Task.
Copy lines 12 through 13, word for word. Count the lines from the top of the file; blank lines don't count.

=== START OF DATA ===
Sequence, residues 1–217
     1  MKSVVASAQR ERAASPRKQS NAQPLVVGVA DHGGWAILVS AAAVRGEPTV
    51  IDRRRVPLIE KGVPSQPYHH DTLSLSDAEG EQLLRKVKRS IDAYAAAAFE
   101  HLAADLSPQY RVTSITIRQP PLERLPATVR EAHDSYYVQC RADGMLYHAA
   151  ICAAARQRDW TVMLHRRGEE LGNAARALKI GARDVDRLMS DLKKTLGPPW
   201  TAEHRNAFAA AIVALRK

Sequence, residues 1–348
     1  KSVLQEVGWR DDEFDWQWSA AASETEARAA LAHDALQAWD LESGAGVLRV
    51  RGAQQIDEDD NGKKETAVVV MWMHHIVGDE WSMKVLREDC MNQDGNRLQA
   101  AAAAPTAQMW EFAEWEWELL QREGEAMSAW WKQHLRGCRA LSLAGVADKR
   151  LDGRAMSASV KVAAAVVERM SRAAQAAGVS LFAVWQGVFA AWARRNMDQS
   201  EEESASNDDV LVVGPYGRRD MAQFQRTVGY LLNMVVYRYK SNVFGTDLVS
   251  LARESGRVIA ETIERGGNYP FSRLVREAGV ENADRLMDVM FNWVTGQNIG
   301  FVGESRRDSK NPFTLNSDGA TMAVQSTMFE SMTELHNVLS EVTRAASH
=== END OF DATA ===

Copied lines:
   201  EEESASNDDV LVVGPYGRRD MAQFQRTVGY LLNMVVYRYK SNVFGTDLVS
   251  LARESGRVIA ETIERGGNYP FSRLVREAGV ENADRLMDVM FNWVTGQNIG